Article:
Definition of retrain in English:



[with object]
  • 1Teach (someone) new skills to enable them to do a different job.

    ‘they are helping to retrain the long-term unemployed’
    ‘three months of retraining’
    • ‘He said that the company was retraining its staff and investing large sums in new technology to increase efficiency and levels of customer service.’
    • ‘Capital Fitness rearranged staff to put employees in positions for which they were better suited and retrained the sales staff to be membership directors and ‘diagnose’ clients' needs and wants.’
    • ‘There was no attempt to retrain existing staff, nor provide a path toward rehiring in another discipline.’
    • ‘One option: retrain engineers and technicians for design work rather than pure manufacturing, which Malaysia is doing.’
    • ‘I feel maybe in the future he could be retrained to return to a different type of work or some office type of work at Inco in Port Colborne.’
    • ‘This tack has relied heavily on retraining Coasties, who were welding and cleaning up pollution, to pick up guns and inspect ships.’
    • ‘Recruitment drives all but disappeared this year, with all companies preferring to retrain and rotate staff in an effort to maximise existing company resources.’
    • ‘Coaching broadens the mind with learning, motivates and helps employees achieve their goals, and offers companies a means of reward to retrain and retain valuable employees.’
    • ‘He said the company had incurred unforeseen costs when it was forced retrain staff after losing its former workers following its provisional liquidation in 2001.’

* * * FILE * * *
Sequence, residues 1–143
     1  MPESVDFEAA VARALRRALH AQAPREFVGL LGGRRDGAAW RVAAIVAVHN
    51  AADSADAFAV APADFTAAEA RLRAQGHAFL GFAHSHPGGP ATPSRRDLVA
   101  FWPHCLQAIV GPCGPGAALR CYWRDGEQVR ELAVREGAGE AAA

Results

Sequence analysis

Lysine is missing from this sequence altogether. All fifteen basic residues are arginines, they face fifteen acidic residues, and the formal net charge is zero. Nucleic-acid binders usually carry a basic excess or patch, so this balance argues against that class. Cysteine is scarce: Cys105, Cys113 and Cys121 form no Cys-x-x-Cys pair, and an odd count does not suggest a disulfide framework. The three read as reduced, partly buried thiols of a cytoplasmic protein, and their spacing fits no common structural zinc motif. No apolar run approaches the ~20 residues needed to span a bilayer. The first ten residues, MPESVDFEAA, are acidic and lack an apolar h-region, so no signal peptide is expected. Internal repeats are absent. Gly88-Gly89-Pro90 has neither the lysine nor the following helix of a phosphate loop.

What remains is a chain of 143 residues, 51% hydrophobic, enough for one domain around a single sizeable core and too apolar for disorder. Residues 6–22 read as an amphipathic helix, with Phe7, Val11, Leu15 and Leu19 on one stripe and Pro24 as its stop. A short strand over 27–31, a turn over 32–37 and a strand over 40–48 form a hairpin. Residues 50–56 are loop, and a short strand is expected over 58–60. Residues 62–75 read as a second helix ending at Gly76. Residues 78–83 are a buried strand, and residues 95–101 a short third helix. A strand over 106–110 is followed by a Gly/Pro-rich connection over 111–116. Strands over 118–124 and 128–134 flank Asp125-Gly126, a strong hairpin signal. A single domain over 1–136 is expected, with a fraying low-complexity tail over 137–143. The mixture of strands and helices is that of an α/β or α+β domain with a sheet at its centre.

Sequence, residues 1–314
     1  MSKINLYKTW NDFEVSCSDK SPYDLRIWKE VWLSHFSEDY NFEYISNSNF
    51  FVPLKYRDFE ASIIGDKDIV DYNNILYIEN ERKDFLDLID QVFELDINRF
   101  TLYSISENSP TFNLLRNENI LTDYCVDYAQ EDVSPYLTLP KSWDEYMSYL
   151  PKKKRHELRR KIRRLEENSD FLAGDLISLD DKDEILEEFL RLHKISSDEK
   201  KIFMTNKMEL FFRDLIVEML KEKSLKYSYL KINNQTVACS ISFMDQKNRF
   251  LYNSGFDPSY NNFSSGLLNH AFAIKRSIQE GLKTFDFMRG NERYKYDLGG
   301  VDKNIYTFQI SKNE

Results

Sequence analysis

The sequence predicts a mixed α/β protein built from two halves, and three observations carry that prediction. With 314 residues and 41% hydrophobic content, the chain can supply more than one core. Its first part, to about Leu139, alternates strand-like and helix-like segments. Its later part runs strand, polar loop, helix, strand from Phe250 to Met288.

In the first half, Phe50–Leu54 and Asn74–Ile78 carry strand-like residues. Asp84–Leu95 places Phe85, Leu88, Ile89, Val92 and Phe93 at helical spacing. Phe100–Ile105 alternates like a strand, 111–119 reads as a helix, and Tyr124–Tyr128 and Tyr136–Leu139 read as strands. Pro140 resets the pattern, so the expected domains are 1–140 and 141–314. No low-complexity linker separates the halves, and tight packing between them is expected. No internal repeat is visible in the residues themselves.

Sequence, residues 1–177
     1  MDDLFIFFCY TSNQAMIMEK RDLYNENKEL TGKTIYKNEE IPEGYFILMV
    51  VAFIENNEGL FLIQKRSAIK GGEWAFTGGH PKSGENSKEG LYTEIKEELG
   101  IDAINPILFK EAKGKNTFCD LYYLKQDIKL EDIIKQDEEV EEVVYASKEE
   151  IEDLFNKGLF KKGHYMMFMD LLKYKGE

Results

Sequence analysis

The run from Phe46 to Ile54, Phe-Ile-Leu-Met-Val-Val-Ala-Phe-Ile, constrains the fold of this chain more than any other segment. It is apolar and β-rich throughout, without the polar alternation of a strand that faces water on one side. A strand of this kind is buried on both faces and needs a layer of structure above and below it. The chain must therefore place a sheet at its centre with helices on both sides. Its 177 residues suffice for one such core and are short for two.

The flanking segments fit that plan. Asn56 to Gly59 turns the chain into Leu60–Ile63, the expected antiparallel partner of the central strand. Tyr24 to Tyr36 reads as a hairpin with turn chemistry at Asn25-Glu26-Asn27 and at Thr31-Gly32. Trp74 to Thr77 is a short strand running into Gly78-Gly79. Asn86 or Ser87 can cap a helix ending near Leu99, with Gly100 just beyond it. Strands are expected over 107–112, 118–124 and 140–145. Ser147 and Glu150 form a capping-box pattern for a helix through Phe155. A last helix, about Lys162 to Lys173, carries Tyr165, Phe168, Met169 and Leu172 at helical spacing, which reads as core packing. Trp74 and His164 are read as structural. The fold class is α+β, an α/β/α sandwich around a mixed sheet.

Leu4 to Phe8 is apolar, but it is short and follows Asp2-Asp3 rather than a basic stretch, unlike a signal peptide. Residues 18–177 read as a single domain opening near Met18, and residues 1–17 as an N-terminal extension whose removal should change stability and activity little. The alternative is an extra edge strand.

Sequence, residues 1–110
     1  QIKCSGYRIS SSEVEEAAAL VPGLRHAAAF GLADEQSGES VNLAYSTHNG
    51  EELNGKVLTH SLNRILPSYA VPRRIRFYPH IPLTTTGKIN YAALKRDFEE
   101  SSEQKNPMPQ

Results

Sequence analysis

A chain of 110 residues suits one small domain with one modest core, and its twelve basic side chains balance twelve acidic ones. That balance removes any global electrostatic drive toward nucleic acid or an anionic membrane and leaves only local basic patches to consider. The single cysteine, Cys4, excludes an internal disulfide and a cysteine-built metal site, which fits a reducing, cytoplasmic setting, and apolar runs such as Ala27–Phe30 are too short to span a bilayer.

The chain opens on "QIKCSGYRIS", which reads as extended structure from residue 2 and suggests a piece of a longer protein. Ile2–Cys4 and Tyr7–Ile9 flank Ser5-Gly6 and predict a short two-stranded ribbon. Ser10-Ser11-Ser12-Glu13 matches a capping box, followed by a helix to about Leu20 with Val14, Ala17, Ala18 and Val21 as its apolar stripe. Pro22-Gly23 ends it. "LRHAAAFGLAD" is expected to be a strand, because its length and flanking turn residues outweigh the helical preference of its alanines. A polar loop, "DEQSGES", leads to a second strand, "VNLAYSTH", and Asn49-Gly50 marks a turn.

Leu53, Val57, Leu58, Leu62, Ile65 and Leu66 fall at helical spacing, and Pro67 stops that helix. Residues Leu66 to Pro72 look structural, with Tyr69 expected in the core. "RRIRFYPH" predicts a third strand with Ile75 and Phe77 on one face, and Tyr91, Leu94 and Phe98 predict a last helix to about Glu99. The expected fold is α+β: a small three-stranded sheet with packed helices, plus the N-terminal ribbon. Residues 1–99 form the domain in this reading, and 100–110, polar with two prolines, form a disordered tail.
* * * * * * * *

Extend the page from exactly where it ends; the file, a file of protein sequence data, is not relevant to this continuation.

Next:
• ‘They have either retrained themselves in other professions or fields, or have had to be satisfied with accepting positions that are meant for individuals with lesser educational qualifications than they have.’
    • ‘Moritz feels that one component of improving this situation is to retrain software engineers, both those practicing the craft and those moving through university programs today.’
    • ‘That meant retooling his workforce, retraining personnel and even repositioning the brand.’
    • ‘When a company has to train or retrain an employee, the panel can reimburse part of the training costs.’
    • ‘Workers praised efforts by Big Blue to retrain people and find them other jobs at the firm.’
    • ‘Most proposals for easing fishermen's transitions have centered on either retraining them through education programs or, more commonly, early retirement programs.’
    • ‘How do you retrain an engineer to become a nurse?’
    • ‘World Vision fits the injured with prosthetic limbs and retrains them for work.’
    • ‘Do we get overtime if we have to be retrained for yet another position?’
    • ‘Many workers are middle-aged and cannot be easily retrained.’
    • ‘Larger companies have established their own programmes in order to retrain employees, as a result of the problems faced by the educational system and the speed with which ICT skills become outdated.’